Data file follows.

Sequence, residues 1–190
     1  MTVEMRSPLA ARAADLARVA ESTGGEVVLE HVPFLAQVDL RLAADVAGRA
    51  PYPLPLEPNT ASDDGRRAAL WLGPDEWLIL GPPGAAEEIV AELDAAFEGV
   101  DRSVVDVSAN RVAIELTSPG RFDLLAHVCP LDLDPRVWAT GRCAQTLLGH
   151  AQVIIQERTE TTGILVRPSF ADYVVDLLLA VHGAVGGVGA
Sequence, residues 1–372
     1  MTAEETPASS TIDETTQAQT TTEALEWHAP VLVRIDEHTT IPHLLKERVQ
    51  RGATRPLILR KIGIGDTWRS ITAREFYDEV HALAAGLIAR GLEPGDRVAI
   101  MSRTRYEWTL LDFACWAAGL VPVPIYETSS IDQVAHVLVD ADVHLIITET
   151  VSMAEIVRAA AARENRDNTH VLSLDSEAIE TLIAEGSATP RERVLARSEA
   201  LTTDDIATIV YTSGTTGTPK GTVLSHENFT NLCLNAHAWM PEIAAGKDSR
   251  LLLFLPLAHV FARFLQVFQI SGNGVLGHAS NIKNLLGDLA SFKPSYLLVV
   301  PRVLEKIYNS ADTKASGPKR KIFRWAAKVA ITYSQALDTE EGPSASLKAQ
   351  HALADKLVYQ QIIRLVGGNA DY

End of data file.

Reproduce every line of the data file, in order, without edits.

Sequence, residues 1–190
     1  MTVEMRSPLA ARAADLARVA ESTGGEVVLE HVPFLAQVDL RLAADVAGRA
    51  PYPLPLEPNT ASDDGRRAAL WLGPDEWLIL GPPGAAEEIV AELDAAFEGV
   101  DRSVVDVSAN RVAIELTSPG RFDLLAHVCP LDLDPRVWAT GRCAQTLLGH
   151  AQVIIQERTE TTGILVRPSF ADYVVDLLLA VHGAVGGVGA
Sequence, residues 1–372
     1  MTAEETPASS TIDETTQAQT TTEALEWHAP VLVRIDEHTT IPHLLKERVQ
    51  RGATRPLILR KIGIGDTWRS ITAREFYDEV HALAAGLIAR GLEPGDRVAI
   101  MSRTRYEWTL LDFACWAAGL VPVPIYETSS IDQVAHVLVD ADVHLIITET
   151  VSMAEIVRAA AARENRDNTH VLSLDSEAIE TLIAEGSATP RERVLARSEA
   201  LTTDDIATIV YTSGTTGTPK GTVLSHENFT NLCLNAHAWM PEIAAGKDSR
   251  LLLFLPLAHV FARFLQVFQI SGNGVLGHAS NIKNLLGDLA SFKPSYLLVV
   301  PRVLEKIYNS ADTKASGPKR KIFRWAAKVA ITYSQALDTE EGPSASLKAQ
   351  HALADKLVYQ QIIRLVGGNA DY